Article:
Horse Money (Pedro Costa, 2014)

Ventura, in a scene from Pedro Costa's Horse Money {Photo: CINEMA GUILD}

Ventura, in a scene from Pedro Costa's Horse Money {Photo: CINEMA GUILD}

Horse Money screens at Chicago's Gene Siskel Film Center on Friday, March 20 and Monday March 23. For additional ticketing information, please click here

Horrifying.

Horse Money, my first encounter with Pedro Costa, is not quite like any film I have seen. Passages of the film are extraordinary, speaking to a film language that I at least have some semblance of literacy in. The film, from what I could surmise, involves a man’s permanent stasis of grief and his attempts to absolve, or at the very least make sense, of it.. Costa does not spell this out directly – rather it’s in the film’s reticence that you extract its most comprehensible meaning. Other times, however, the film escapes my grasp, becoming something alien and impenetrable. But those who are willing to get lost within the dingy labyrinths that compose Horse Money, those who can sacrifice narrative cogency for something more fluid and indescribable, are rewarded with a picture of immense empathetic power. 

A series of still photographs of immigrants coming to the United States opens the film. This concludes with the portrait of a black man, an image that fits within the visual context of the previous photographs. So it comes with considerable shock that the image begins to slowly pan. What’s provoked in this opening montage is a concise thematic thesis where Costa lays out what can be described as an immigrant’s fable within uncharted terrain. Yet is it Costa, the audience, or the man named Ventura who roams the picture that is doing the exploring? Is it all three? The picture is sustained through a series of extended shots, conveying a desolate sense of loss. Certain sequences resonate over others, such as an early scene where Ventura plods down a corridor – a startling image that’s equal parts intense and terrifying, as if plunging into an abyss. Another sequence, a conversation between Ventura and a presumed colleague and friend, involves such visually intricate and elegantly composed lighting – a crack at the door serves to illuminate a straight line on wood flooring, only to see it brighten the faces of the two men in conversation – that one loses sight of the conversation and embraces the poignancy of the image.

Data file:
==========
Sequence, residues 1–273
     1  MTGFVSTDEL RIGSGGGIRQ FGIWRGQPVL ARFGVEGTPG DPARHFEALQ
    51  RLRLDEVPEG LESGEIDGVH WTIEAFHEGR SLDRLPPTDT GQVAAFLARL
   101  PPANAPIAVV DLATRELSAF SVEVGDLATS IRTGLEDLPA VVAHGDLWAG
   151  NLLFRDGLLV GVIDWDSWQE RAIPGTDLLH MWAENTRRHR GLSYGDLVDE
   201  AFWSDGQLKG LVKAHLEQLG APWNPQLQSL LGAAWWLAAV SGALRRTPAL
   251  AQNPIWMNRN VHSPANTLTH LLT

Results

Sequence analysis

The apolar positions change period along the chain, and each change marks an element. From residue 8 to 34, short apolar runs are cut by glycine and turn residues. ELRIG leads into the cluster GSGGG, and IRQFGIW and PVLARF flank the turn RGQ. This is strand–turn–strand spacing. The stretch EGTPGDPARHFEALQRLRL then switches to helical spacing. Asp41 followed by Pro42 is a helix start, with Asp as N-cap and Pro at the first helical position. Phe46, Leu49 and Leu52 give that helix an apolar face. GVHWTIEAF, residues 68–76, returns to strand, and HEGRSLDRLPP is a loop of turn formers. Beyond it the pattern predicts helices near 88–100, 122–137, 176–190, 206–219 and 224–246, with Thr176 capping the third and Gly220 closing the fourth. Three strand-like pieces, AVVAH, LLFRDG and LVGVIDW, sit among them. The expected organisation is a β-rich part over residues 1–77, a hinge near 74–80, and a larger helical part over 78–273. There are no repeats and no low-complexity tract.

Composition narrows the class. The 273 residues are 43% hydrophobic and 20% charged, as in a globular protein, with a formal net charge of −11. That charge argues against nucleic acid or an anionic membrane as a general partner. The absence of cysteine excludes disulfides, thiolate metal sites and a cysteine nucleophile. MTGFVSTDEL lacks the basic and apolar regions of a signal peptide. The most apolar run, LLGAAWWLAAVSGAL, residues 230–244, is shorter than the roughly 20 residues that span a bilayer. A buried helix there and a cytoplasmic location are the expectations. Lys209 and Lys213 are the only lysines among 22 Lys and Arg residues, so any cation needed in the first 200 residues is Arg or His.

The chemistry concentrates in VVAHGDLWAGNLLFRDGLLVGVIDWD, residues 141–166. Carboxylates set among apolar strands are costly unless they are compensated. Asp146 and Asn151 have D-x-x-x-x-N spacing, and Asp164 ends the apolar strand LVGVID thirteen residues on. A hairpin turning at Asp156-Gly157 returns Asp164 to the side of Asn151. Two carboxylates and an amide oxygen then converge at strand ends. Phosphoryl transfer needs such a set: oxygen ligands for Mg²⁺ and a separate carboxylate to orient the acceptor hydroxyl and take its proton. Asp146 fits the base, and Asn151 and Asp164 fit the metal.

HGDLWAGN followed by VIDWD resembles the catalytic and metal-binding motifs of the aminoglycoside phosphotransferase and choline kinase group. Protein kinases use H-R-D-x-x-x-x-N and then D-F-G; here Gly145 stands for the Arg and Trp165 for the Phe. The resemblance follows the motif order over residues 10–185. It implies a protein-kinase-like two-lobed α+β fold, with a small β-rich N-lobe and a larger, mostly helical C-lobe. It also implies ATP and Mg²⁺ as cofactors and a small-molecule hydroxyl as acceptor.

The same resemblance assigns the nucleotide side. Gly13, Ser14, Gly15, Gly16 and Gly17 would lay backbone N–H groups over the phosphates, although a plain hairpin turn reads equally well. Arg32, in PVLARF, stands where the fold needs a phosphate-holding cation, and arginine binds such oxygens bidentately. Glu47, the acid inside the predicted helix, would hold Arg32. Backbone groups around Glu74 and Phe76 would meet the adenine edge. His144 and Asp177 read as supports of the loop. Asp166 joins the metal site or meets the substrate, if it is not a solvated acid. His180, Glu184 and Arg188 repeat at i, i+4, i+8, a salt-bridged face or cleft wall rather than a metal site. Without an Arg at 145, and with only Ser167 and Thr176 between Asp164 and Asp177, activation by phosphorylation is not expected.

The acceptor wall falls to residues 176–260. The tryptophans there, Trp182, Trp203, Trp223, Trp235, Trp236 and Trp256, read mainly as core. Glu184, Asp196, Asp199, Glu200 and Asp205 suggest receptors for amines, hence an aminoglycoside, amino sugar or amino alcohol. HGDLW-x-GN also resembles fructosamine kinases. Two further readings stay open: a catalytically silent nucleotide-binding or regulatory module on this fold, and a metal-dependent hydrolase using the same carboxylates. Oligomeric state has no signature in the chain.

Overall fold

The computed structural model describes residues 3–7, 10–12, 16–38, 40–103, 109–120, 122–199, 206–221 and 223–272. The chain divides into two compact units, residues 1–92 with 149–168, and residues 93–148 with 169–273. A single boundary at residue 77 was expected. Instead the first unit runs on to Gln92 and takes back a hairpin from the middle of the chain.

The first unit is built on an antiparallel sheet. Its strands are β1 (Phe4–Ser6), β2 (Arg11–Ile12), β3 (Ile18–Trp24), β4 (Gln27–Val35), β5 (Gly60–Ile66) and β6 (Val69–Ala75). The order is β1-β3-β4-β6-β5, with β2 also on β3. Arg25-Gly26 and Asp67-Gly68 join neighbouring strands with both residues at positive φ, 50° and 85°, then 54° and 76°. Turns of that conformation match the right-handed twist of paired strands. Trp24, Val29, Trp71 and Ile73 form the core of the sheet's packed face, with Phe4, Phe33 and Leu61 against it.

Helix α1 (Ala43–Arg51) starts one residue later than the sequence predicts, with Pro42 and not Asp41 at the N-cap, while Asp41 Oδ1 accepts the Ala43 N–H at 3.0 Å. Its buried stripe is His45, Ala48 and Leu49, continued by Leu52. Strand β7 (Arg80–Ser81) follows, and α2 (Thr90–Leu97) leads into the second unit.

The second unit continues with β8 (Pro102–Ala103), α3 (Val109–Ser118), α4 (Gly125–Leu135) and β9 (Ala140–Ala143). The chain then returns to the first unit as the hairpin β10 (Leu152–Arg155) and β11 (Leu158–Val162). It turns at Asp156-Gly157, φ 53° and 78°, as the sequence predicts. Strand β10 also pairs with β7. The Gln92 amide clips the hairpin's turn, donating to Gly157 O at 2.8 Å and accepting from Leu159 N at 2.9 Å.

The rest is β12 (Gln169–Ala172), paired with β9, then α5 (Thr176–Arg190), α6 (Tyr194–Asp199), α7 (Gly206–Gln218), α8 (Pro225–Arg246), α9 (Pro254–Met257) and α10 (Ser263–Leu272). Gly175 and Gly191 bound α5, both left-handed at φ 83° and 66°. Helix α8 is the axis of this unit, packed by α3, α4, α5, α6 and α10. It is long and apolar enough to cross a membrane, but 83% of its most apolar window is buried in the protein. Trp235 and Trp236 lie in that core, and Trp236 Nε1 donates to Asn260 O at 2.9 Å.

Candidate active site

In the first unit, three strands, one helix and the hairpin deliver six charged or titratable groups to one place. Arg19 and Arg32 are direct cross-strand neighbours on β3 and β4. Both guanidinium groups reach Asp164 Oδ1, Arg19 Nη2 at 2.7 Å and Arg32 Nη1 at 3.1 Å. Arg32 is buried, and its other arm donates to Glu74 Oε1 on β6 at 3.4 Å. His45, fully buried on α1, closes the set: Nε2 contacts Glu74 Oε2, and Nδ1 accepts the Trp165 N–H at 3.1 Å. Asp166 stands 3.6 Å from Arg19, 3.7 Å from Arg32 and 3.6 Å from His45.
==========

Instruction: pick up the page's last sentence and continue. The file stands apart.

To be knowledgeable of Lisbon’s Fontainhas District, the purgatory that serves as the backdrop for Horse Money, or Costa’s previous work in general, isn’t compulsory, insofar that I was capable of jibing with the picture’s esoteric tendencies quickly. Undoubtedly it would enrich the historical value of the film as a text, but Horse Money is a film that punctures for its study of trauma and loss. In the film’s major final segment we see Ventura contend with the grief of committing a murder during the Portuguese revolution by literally speaking to a living statue of a soldier while locked in an elevator. Lips unmoving, the soldier statue/ghost verbalizes the guilt that haunts Ventura day by day. The elevator ride ends. The result of internalization is amplified to a violent degree, where the irregular movement of Ventura’s hand has spread throughout his psyche. To suggest that Ventura is absolved of guilt would be a mistake – the lingering image of knives, presumably a knife used by Ventura to commit a murder, follows the man through one lifetime and into the next.

Hardly the feel-good film of the year, Horse Money is a harrowing film, even once your capacities for empathy become in sync with the picture's content. It's not a film I can recommend without a series of footnotes and asterisks, but it's an absolute must for cinephiles looking for an introduction to the work of Pedro Costa. 

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